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Theories for Making Decisions

Decision making theories for the curious

Quote by Ralph Waldo Emerson With decisions touching everything we do, there is an overwhelming number of decision making theories and related research. Most of these theories have been developed during the twentieth century even though humans have been making judgments with uncertainty for millennia. Decision making models continue to evolve to address more complex situations, and cognitive psychologists are rapidly learning more on how we think. This should lead to decision making theories that could improve the decisions we make, and for the curious, you will find a number of interesting paradoxes and conclusions that reveal the difficulties we all face in trying to make good choices.

Research on decision making theories comes from two key viewpoints

Image of probability equations If you are a person that enjoys models and mathematics, you will enjoy a large body of decision making theory research that comes from the view that we act to make optimal, or alternatively, rational decisions. Theories coming from this point of view generally assume an ideal decision maker that seeks to make the best decision by becoming fully informed and able to compute with perfect accuracy, with full alignment to a defined set of goals. This area of theories is focused on addressing the question of "What should we do?", and models and mathematics are applied to problems of improving and characterizing the uncertainty of the information (probabilities) in order to improve the likelihood of a good decision outcome. While in reality, no one is an ideal decision maker, those subscribing to this perspective attempt to move closer to the ideal by building on facts where available, and applying mathematics and computing to help address risk and uncertainty.

Image of word cloud of many decision making theoriesThe second area of research for decision theories explores the question "What do we do?" when making choices. Much of the research in this area comes from the study of problem solving by cognitive psychologists seeking to understand how we think. As you might imagine, there are a number of interesting decision making behaviors and paradoxes that have been exposed and characterized that are inconsistent with rational decision making thought processes. A noted example is the Ellsburg paradox that concludes people favor definite information over uncertain information, in other words, the devil they do know versus the one they don't know.

Of course, there are decision making theories that do go beyond these two viewpoints. These theories may challenge some generally accepted principles but are seeking to resolve some of the problems that are inadequately addressed with current theories. Some of these issues include:

  • People may have uncertain aspirations that vary based on decision context.
  • Existing theory doesn't adequately deal with outcomes that are fulfilled over time.
  • Decision complexity is such that it is too difficult to determine optimal behavior.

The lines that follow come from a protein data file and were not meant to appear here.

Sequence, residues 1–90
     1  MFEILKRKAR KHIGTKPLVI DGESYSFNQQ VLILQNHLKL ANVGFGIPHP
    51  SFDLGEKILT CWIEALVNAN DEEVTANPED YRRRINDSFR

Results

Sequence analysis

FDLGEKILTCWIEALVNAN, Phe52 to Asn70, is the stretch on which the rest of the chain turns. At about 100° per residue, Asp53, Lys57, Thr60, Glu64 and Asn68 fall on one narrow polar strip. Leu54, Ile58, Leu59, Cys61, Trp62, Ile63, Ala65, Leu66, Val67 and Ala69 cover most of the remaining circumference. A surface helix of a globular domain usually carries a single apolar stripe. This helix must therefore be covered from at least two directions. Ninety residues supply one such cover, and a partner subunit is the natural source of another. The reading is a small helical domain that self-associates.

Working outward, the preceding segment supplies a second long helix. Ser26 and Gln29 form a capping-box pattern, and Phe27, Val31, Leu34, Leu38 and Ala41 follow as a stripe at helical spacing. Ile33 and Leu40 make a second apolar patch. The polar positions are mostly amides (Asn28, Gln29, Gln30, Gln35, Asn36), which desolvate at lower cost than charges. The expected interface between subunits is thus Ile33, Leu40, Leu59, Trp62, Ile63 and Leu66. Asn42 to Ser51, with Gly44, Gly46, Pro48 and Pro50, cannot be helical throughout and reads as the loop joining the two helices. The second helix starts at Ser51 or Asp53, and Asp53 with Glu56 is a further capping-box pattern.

• Probability theory and rules may not be sufficiently robust to errors in assumptions.
  • Current theory places focus on the area of knowledge of "what we know we don't know" instead of "what we don't know we don't know". This argument is well described as the ludic fallacy in Nassim Taleb's book, The Black Swan.

Resources for more on Decision Making Theories

There are a vast number of decision making theory resources available that can address your specific interest.

For those looking to address critical decision making problems, we would suggest starting with theories for rational decision making that you can find at Wikipedia.org. This article provides a good summary of a number of theories, along with references for further investigation.

If you are more curious about topics related to "what we do" when making decisions, an excellent set of articles can be found at ChangingMinds.org. A number of specific decision making thinking behaviors are addressed, along with ways to use or defend against these behaviors. Supporting and additional resources are also provided.

Another resource that can support a number of decision making activities associated with uncertainty is Econport.org. Teaching modules, experiments, software tools, and cataloged resources are provided.

What can we learn from all this research?

There is an overwhelming amount of research on making decisions coming from a number of viewpoints. These range from trying to help us with approaches that ideally move us toward our goals, personally and in organizations, to dealing with practical limitations of our knowledge and how we think.

Our goal at Decision Innovation is to provide a decision making process and model that helps to capture and use knowledge in pursuit of better decision making. Our model enables us to adapt and incorporate the best learning from decision making theories in a way that supports application to our most valued decisions. It is ultimately about creating knowledge through a set of connected decisions that we can use to better realize our potential and reach our aspirations.

Image of a quote by Khalil Gibran

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